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Bottling the Sun

Even if world leaders reach an agreement at the UN climate conference in December to reduce greenhouse-gas emissions substantially by 2050, the question of how to meet a booming global population’s insatiable appetite for energy in the longer term will remain. One of the most promising options is nuclear fusion.

LONDON – This December, world leaders will gather in Paris for the United Nations Climate Change Conference, where they will attempt – yet again – to hammer out a global agreement to reduce greenhouse-gas emissions. Despite the inevitable sense of déjà vu that will arise as negotiators struggle to reach a compromise, they must not give up. Whatever the political or economic considerations, the fact remains: if global temperatures rise more than 2˚C from pre-industrial levels, the consequences for the planet will be catastrophic.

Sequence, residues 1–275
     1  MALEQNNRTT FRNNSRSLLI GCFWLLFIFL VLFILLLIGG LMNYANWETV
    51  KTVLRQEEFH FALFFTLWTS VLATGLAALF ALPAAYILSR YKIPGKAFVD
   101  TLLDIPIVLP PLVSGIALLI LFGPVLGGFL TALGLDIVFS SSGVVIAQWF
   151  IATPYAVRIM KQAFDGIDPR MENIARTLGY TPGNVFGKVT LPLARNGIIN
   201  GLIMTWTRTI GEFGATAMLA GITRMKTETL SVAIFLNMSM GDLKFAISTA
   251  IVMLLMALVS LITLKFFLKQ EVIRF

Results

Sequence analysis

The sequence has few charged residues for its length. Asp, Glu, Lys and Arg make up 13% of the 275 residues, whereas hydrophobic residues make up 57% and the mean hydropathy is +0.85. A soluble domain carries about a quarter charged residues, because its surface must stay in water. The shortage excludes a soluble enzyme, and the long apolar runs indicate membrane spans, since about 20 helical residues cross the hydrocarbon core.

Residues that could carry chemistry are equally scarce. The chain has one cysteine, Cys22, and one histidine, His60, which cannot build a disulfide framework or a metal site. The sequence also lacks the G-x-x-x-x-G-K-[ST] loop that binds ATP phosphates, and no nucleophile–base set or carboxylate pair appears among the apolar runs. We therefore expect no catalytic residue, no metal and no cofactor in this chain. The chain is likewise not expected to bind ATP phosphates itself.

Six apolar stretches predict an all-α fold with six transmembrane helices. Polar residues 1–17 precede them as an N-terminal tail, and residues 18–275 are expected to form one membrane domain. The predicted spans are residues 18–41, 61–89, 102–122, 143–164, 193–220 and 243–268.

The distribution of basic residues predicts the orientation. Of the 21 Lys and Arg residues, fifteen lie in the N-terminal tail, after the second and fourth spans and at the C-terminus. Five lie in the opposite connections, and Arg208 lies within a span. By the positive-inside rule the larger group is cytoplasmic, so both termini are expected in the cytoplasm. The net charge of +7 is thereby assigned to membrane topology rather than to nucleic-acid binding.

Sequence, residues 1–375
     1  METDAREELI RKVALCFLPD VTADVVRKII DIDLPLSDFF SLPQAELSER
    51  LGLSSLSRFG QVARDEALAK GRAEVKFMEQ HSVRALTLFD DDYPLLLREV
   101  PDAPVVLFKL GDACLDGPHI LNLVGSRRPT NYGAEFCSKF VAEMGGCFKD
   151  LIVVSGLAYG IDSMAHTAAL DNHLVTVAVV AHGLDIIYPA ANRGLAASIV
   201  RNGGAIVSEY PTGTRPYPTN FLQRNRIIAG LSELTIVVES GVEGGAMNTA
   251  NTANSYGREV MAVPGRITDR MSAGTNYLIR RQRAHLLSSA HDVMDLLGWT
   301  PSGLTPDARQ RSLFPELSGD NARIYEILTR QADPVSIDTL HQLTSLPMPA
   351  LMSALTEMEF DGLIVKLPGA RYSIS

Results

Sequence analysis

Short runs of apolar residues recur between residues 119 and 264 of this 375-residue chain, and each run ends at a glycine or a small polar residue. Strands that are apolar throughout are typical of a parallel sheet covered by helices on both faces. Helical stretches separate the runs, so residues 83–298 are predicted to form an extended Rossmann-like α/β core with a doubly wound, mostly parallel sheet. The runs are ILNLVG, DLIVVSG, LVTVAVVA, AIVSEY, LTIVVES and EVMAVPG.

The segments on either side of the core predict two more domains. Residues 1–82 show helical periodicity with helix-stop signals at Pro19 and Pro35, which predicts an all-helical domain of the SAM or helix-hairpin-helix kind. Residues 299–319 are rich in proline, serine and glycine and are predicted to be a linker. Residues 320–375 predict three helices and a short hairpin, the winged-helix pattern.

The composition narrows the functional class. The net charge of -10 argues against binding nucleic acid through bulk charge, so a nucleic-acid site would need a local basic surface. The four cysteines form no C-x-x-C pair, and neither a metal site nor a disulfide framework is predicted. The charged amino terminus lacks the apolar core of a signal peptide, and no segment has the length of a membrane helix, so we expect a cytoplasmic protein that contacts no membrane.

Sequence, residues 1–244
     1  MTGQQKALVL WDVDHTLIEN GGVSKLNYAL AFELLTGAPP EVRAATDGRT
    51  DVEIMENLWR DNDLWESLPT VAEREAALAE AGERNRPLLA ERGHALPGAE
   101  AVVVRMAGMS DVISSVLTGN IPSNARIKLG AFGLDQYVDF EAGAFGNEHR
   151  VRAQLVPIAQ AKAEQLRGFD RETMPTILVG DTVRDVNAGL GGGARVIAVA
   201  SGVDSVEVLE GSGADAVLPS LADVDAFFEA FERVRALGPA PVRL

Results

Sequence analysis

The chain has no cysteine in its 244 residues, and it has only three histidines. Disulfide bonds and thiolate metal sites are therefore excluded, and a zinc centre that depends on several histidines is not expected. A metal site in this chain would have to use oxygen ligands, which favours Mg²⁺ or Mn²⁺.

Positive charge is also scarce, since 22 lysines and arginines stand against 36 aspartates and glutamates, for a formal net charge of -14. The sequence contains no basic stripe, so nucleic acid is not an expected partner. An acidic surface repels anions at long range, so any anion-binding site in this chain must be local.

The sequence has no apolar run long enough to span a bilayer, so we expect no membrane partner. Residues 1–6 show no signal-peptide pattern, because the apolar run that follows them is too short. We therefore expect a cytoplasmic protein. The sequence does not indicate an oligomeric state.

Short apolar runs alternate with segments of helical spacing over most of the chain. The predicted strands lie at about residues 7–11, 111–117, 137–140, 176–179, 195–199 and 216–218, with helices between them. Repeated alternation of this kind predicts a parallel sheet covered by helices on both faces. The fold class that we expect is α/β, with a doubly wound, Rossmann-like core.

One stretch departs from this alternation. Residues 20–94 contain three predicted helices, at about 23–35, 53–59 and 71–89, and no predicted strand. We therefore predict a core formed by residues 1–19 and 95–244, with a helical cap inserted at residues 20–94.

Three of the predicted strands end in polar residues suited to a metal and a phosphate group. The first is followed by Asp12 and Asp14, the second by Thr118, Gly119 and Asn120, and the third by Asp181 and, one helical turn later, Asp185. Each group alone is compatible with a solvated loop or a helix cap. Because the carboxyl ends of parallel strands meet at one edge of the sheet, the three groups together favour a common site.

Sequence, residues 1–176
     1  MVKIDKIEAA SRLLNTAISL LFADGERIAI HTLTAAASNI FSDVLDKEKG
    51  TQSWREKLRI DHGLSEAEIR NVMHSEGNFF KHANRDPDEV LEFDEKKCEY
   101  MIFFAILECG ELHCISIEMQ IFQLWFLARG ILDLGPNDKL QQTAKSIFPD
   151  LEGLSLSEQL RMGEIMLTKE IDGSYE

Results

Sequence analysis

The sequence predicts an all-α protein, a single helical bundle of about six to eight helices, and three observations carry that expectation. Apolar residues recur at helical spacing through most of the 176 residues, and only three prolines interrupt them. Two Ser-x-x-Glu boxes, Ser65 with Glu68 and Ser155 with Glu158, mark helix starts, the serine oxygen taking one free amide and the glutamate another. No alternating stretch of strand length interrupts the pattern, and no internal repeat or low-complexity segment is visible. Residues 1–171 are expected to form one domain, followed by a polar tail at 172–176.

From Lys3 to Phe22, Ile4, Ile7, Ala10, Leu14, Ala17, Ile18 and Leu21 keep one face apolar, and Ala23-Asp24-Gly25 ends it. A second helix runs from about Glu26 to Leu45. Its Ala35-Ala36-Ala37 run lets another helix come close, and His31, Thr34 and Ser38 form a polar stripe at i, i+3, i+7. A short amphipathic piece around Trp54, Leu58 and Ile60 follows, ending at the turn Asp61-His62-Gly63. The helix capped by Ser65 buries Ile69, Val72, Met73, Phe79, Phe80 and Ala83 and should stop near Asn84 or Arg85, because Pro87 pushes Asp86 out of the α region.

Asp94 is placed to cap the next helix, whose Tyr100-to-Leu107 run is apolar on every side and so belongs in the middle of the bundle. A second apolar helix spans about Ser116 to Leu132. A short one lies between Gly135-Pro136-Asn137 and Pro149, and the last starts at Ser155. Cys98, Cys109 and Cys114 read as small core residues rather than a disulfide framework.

But the challenge does not end with reducing emissions. Indeed, even if we make the transition to a cleaner world by 2050, we will need to determine how to meet a booming global population’s insatiable appetite for energy in the longer term – an imperative that renewables alone cannot meet. That is why we need to invest now in other technologies that can complement renewables, and provide reliable electricity for many centuries to come. And one of the most promising options is nuclear fusion – the process that powers the sun and all stars.

Brought down to earth, nuclear fusion – a process fueled primarily by lithium and deuterium (an isotope of hydrogen), both of which are plentiful in seawater and in the earth’s crust – could provide a major source of low-carbon energy. A fusion power station would use only around 450 kilograms of fuel annually, cause no atmospheric pollution, and carry no risk of accidents that could lead to radioactive contamination of the environment.

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